The group started racing on its return rides back to Koreatown. At first it was a friendly competition, but the riders kept close tabs, even silently, on one another's speed. No longer was respect earned by robbing a liquor store. It was earned by riding like a beast.

If one final thing crystallized the allure of competitive cycling, it was sponsorships.

Willo remembers one Kushtown ride in 2011, when Jesus Lizama, who'd helped to organize the group with Echeverria, showed up with a brand-new carbon-framed bike, wearing a full racing uniform — Spandex bike shorts and all.

“At first we were like, 'What the fuck is he wearing?' Those dorky shorts and shoes looked so funny to us,” Willo recalls.

But when Lizama replied that he'd been given the bike and suit by a sponsor, for free, the other riders were floored. Most worked low-paying jobs as store clerks or in trade professions (Willo daylights as an electrician).

“It didn't take long for some of us to realize: Wait a minute, we're already faster than [Lizama]. How can we get sponsored like him?” recalls another rider, Stephen “Neu York” Mergenthaler.

Riders began reaching out to bike shops and attending cycling conventions such as Interbike, offering to represent the companies in races. Others formed their own teams in order to pursue corporate sponsorships.

Willo began to aspire to a sponsorship after he won the Wolfpack Marathon Crash Race in 2012, held on the L.A. Marathon route the night before runners took the course. The win put him on the radar of Don Ward, who later offered him a spot on the Wolfpack Hustle team. It came with a full sponsorship from Aventón Bikes.

“My wife had been critical of all the time I spent cycling,” Willo says. “But when I came home with that new Aventón bike, I saw her and was like, 'I told you!' I almost teared up because I was so fucking happy.”

The next Kushtown ride, Willo took his prize bike, and his compatriots congratulated him. Many now have sponsorships of their own, and the stealing and tagging seem a thing of the distant past.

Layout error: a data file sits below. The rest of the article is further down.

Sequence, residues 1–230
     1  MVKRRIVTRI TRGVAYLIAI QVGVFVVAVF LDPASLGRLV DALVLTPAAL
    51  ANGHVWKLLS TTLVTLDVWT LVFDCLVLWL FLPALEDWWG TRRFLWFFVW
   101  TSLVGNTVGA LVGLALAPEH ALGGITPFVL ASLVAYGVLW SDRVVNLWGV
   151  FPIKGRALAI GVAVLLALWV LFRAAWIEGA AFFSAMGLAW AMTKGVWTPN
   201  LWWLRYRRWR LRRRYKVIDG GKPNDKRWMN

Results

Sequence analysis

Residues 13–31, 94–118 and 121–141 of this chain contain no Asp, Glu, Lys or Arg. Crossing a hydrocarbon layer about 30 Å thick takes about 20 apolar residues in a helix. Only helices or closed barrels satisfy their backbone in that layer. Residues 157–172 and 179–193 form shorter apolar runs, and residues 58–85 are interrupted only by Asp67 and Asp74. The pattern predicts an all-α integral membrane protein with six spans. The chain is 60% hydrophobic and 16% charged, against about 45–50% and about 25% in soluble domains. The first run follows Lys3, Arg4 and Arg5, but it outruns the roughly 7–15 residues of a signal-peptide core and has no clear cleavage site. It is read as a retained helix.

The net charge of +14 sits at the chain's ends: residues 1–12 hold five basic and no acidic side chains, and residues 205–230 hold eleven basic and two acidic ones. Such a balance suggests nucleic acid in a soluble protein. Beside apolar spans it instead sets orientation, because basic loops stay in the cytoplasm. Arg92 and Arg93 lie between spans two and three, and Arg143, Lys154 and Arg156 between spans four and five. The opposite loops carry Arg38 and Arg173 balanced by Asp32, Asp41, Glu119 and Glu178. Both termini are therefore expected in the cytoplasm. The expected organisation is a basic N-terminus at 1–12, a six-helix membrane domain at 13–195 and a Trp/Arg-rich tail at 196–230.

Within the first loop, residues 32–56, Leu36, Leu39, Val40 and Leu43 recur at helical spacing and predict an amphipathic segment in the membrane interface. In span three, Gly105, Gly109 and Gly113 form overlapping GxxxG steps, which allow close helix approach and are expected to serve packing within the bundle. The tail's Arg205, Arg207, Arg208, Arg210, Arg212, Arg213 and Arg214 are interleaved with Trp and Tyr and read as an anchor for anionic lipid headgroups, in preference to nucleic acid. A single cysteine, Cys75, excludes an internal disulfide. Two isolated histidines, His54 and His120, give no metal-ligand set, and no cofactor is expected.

Even LAPD's Helper has to admit: “I have no complaints now.”

Of course, not everything has changed. On one recent Kushtown ride, about 50 riders are scattered in a parking lot behind a Denny's. Most sport “fixies” with high-end carbon or aluminum frames, and one group launches into a discussion about some cyclists who were ticketed by police on Pacific Coast Highway.

“Those pigs were already waiting for them, and gave the leader of the ride a ticket for the whole group, because they were cycling along the inside lane of PCH,” one rider says.

“Damn, that's fucked up man,” another agrees.

A pipe with a freshly packed bowl is passed around. Then a cyclist named Chris arrives with a brand-new Fuji spec bike. Someone asks if he can give it a test ride, and starts doing tricks on it.

“Hey, don't skid on my carbon, dude!” Chris yells.

Nearby, another group including Hansel Echeverria fondly recounts the epic party they threw last weekend: “Pizza and bud, man, that's all I need.” But they trail off midstory when they see a young Latino couple pedal into the parking lot.

Evelyn “Nyrah Hearts” Lemus and Neu York have arrived.

There's a certain air of celebrity about Nyrah and Neu York, and their presence has tensed the mood somewhat.

Nyrah says it's because they're like the “Brad and Angelina” of the underground cycling world. Like Willo, the couple has developed a virtual following using social media — people recognize them in coffee shops, she says, and ask for autographs.